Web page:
Let’s be honest, this chapter is crazy. We continue to witness Saul’s decline into obsession, and it ain’t pretty. In chapter 18, David’s fame increased as he continued in a string of military victories. Saul was probably having a good day, until he heard the songs of the women, “Saul has slain thousands (“Alright!”), and David his tens of thousands (“Wait, what?”).”
Before we begin bashing Saul and his poor character, let us remember that he has been a good king. He has united a divided and ruptured Israel, he has expanded the boarders, increased their influence in the region, and people are now safer. For any political leader, that’s a pretty good scorecard. From a secular perspective, Saul has been a great king. From a spiritual perspective, however, it’s a different story.
As I read this story, I can’t help but ask myself, “What do I love more, God or God’s blessing?” For Saul, he wanted God’s blessing without God’s presence or rule in his life. God had given him authority and power, David threatened that, what we witness in 1 Samuel 19 is Saul’s reaction to that threat.
Jonathan tried to remind Saul not to kill the golden goose (19:4–5); after all, God’s blessing towards David benefitted the nation and Saul (19:8). Saul made an oath (19:6), but went against his own words not long after as he tried to kill him (19:10). Although Jonathon sought to protect David through truth, Michal (who loved David) protected him through deception (19:14), giving us a glimpse into her character as well.
David fled and went to the prophet Samuel (19:18), and here we get this whacky event. Saul sent three teams of men who ended up being invaded by the Spirit of the Lord and they started prophesying (19:19–21). Saul decided that he’d take matters into his own hands and go himself and he ended up prophesying as well (19:23). Not only that, but while he was walking along he ended up stripping off his garments (19:23–24).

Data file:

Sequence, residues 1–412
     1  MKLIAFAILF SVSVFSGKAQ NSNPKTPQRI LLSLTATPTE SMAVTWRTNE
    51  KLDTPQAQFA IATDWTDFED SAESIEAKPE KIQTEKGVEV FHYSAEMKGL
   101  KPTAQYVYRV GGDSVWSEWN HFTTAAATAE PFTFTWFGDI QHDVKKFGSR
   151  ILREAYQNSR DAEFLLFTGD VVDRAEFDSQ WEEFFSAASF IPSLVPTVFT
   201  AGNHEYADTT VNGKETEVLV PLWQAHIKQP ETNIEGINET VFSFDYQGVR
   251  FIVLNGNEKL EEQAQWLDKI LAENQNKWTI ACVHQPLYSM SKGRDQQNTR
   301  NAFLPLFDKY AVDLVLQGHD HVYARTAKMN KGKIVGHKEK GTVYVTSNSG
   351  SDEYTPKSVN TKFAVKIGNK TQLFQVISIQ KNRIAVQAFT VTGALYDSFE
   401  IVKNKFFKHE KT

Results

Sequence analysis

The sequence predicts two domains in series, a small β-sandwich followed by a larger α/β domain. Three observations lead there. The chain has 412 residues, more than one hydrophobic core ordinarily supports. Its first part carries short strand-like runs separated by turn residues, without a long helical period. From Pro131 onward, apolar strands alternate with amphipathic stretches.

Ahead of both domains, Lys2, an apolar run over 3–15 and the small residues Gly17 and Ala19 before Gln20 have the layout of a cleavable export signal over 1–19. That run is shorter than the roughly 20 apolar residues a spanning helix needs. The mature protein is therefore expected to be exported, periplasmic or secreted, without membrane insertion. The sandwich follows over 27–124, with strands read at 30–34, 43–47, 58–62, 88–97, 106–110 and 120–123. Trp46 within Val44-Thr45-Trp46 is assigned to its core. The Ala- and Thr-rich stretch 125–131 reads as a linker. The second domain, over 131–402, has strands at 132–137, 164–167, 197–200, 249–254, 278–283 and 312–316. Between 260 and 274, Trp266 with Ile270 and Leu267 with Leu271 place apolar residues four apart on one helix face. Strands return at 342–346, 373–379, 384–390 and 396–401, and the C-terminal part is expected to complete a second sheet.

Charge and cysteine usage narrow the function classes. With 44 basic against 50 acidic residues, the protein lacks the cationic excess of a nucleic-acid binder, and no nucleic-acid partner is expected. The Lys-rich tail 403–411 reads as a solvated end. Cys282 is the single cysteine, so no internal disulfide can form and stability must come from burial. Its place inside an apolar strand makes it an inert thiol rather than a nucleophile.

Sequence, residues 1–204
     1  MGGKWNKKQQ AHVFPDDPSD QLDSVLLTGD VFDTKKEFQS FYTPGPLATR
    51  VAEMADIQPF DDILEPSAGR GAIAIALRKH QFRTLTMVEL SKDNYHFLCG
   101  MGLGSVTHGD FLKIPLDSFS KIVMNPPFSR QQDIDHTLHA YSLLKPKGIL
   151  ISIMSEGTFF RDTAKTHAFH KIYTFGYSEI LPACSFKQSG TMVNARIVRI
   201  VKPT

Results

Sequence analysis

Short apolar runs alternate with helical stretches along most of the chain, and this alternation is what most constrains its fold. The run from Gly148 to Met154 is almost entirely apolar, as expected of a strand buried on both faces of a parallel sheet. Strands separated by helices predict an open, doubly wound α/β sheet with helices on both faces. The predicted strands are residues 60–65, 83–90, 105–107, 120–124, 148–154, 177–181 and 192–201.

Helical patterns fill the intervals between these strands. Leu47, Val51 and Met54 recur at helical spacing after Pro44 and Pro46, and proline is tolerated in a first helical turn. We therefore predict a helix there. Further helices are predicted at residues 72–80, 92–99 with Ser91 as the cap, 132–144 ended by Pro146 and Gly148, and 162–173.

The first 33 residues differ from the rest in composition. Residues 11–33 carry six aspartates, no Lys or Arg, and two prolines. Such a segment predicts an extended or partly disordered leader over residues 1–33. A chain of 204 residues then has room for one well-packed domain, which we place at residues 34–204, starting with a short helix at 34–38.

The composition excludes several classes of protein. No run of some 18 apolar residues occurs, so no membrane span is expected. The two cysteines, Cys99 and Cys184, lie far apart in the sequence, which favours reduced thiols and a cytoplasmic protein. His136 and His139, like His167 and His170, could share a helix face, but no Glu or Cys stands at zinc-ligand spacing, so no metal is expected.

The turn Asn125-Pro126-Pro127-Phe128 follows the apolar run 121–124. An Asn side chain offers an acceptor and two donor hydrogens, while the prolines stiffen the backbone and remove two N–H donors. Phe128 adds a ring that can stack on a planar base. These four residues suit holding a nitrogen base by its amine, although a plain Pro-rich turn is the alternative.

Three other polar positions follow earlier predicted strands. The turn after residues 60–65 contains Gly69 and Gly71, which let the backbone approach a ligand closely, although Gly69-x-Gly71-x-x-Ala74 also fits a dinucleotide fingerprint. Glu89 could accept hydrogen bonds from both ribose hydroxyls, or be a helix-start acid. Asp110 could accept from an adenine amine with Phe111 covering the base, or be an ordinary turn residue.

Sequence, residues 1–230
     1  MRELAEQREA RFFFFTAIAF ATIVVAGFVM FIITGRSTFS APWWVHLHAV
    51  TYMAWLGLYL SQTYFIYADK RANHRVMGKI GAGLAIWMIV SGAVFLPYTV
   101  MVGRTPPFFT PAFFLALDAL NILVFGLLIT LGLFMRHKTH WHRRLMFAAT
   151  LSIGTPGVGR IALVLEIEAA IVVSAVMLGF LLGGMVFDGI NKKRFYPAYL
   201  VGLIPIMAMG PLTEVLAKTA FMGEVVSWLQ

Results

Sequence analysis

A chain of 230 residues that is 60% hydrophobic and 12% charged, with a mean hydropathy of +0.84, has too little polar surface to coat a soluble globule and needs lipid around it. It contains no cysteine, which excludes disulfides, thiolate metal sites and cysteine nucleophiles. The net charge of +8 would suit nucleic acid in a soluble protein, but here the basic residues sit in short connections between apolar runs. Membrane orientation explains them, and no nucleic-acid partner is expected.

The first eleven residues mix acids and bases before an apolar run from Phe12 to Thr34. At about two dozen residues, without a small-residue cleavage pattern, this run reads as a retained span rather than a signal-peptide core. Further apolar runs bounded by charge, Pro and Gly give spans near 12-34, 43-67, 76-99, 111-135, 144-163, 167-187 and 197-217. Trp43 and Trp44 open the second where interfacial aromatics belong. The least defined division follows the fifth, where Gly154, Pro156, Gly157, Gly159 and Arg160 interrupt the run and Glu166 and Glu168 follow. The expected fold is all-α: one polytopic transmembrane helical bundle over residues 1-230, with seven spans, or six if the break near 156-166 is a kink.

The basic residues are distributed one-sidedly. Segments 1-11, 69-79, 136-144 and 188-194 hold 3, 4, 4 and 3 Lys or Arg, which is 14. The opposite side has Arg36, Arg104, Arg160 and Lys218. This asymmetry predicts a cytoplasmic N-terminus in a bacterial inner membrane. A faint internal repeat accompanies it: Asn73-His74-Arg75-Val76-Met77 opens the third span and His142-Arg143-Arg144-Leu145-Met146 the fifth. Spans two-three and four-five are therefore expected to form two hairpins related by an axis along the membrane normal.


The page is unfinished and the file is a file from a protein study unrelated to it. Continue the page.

The idea of Saul’s prophesying includes worship. However, we would do well to consider this warning by commentator Warren Wiersbe, “These two events [of Saul prophesying] prove that a person can have a remarkable religious experience and yet have no change in character. . . . Special religious manifestations aren’t evidences that a person is even saved (Matt. 7:21-23).”
Saul sought to thwart God by killing his anointed. Instead, God thwarted Saul by radically interrupting his pursuit. Saul may not have been completely naked, but stripping down to the inner cloak was considered as such. He may or may not have had on a stich of clothing, but either way, this is incredibly shameful. Don’t miss this, the shame of sin will only stay hidden for so long. It will be exposed. Saul had been a great king on the outside, but what do you think the conversation around the water cooler will be the next day—Saul’s victories, or his nude camping? Saul’s shameful pursuit of David ended up shaming Saul.
Thankfully, we get insight into David’s heart during this time as we read in Psalm 59.
You are my strength, I sing praise to you;
you, God, are my fortress,
my God on whom I can rely.
Saul loved his power; David loved the Lord. Saul pursued David; God exposed Saul’s shame. Today, realize that sin cannot remain hidden. God is a fortress for those who love him. Take a moment and praise God for his blessing, but remember that God’s kindness is intended to lead you to repentance (Romans 2:4).
By: Tyler Short